How Women Changed and are Changing Healthcare

The first woman graduate of a United States medical school was born in Bristol England in 1821. Elizabeth Blackwell came to this country as a child and originally had no interest in medicine. But when a dying friend told her, “I would have been spared suffering if a woman had been my doctor”, she found her calling.

By the most recent statistics published by  the Kaiser Family Foundation, 47% of United States medical school graduates  are women; in some states, over 50% are women. If that trend continues, eventually at least half of all practicing physicians in the United States will be women. Currently about one third are female.

class reunion
My medical school graduating class at our 30th reunion; the original class was larger, 150 students, but the percentage of women was the same as in this photo. (I’m in the pink dress)

I and other women physicians owe a debt to the women who paved the way for us . This post introduces some of them.

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Dr. Elizabeth Blackwell

The first woman graduate of a United States medical school was born in Bristol England in 1821. (thank you, UK readers). Elizabeth Blackwell came to this country as a child and originally had no interest in medicine. But when a dying friend told her, “I would have been spared suffering if a woman had been my doctor”, she found her calling.

She was denied admission to multiple medical schools. The Geneva Medical College of New York submitted her application to the student body for a vote, and, as a joke, they voted to admit her. Well, the joke was on them as she enrolled, completed medical school and graduated in 1849.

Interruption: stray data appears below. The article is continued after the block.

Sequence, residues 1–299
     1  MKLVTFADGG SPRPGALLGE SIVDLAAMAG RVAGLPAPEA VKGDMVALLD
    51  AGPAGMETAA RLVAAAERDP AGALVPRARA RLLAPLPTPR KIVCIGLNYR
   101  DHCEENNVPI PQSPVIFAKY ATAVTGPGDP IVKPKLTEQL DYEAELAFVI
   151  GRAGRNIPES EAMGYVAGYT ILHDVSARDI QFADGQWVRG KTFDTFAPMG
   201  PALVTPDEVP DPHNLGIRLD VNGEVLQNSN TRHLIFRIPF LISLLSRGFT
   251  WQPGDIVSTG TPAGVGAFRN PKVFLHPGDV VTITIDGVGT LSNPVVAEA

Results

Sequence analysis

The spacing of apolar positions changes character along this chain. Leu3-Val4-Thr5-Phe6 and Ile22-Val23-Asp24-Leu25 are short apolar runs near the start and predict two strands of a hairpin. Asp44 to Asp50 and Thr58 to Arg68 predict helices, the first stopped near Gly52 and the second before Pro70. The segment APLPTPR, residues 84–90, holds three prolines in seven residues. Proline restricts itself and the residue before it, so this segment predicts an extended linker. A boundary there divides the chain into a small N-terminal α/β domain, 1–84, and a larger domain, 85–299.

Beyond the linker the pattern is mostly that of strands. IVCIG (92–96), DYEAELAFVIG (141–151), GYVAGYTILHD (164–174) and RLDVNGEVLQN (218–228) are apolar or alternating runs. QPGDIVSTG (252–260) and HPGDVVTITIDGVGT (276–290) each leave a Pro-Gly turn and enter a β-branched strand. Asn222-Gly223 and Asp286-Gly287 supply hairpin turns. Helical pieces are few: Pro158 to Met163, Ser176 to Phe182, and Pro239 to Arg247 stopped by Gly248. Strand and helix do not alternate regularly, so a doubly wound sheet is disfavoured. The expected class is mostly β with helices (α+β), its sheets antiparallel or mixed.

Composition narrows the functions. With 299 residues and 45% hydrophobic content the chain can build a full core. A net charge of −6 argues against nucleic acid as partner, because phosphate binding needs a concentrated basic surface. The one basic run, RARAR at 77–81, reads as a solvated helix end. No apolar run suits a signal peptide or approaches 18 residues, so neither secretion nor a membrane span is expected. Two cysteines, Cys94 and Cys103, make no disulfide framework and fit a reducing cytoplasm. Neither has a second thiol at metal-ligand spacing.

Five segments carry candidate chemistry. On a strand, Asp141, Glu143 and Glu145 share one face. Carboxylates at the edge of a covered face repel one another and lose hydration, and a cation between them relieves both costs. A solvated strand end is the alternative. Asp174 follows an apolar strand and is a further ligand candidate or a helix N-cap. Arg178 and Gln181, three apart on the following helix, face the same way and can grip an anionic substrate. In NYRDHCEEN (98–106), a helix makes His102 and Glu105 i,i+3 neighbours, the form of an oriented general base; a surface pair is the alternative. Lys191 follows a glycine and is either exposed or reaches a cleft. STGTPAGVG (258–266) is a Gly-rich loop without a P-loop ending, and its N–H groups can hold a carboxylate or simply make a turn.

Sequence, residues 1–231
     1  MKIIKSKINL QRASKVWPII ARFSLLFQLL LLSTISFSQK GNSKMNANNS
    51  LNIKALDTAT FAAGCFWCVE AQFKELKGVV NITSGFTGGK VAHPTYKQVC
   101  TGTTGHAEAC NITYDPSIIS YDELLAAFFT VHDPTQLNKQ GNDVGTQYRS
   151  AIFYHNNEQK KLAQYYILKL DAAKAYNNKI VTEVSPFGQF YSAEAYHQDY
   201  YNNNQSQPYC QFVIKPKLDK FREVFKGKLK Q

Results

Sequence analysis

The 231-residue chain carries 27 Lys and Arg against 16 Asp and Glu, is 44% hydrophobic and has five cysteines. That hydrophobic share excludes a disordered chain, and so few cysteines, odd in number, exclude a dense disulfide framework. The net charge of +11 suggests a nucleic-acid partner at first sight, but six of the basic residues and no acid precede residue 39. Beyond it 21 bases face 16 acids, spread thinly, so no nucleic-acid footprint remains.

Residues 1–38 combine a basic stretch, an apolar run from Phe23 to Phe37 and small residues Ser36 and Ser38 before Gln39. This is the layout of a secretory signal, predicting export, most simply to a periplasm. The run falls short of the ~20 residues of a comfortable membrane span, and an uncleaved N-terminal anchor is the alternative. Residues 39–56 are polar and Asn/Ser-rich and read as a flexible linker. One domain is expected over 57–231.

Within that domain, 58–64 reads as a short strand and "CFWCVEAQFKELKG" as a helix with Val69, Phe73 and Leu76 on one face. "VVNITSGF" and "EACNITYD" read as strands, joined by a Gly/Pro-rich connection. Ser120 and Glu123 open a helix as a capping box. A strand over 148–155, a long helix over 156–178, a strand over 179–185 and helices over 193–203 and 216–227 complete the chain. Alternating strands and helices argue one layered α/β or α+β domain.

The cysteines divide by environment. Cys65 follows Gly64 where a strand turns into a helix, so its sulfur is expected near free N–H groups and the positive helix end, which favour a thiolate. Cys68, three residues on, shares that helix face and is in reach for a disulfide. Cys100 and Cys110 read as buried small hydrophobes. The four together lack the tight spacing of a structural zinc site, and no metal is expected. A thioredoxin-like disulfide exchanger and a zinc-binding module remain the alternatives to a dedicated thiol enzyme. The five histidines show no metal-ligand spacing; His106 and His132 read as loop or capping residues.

Read more detail about How Elizabeth Blackwell became the first woman doctor in the United States

A hospital for and by women

Dr. Blackwell, her sister Dr. Emily Blackwell , and a German physician,Dr. Marie Zakrzewska, opened and administered the New York Infirmary for Women and Children in 1857.

Dr. Emily Blackwell  managed the Infirmary for 40 years. Dr. Marie Zakrzewska moved to Boston when she founded the New England Hospital for Women and Children, which trained  women physicians and cared for the poor.

Due to failing health, Dr. Elizabeth Blackwell retired from practice in the 1870s.

The Physicians Mom Group (PMG) declared Dr. Blackwell’s birthday February 3 as National Women Physicians Day. This day celebrates all the significant contributions that women physicians make daily, none of which would have been possible without Elizabeth Blackwell.

Dr.Rebecca Lee Crumpler

Prior to founding her hospital, Dr.Zakrzewska served as professor at the New England Female Medical College. That school produced another notable women physician, Dr. Rebecca Lee Crumpler.

Dr. Crumpler graduated in 1864, becoming the first African-American woman to earn the M.D. in the United States.  After practicing in Boston, she moved to Virginia where she and other black physicians cared for freed slaves, who otherwise would have had no access to medical care.

In 1883 Dr. Crumpler wrote a book of medical advice for women and children, titled Book of Medical Discourses, one of the earliest medical publications by an African American. Unfortunately, no photos of Dr. Crumpler are known.

Dr. Virginia Apgar

More recently, a woman physician’s work has impacted the lives of countless babies and their families. If you have had a baby, or been born within the past 60 years, you benefited from the work of Virginia Apgar, M.D.

She was neither an obstetrician or a pediatrician, but an anesthesiologist. As she observed deliveries of infants she proposed a scale to rate how well a newborn was adapting to life outside the mother.

She considered 5 factors:

  1. heart rate
  2. respiratory (breathing) rate,
  3. muscle tone,
  4. reflexes, and
  5. color-pink (warm) or blue(cold)

And assigned each a score- 0, 1, or 2, at 1 minute of age, and again at 5 minutes.

So a newborn had a potential score as low as 0 and as high as 10.

The higher the score, referred to as the Apgar score, the more likely the baby was healthy and would do well. The lower the score meant the baby was in trouble, and needed intensive medical attention.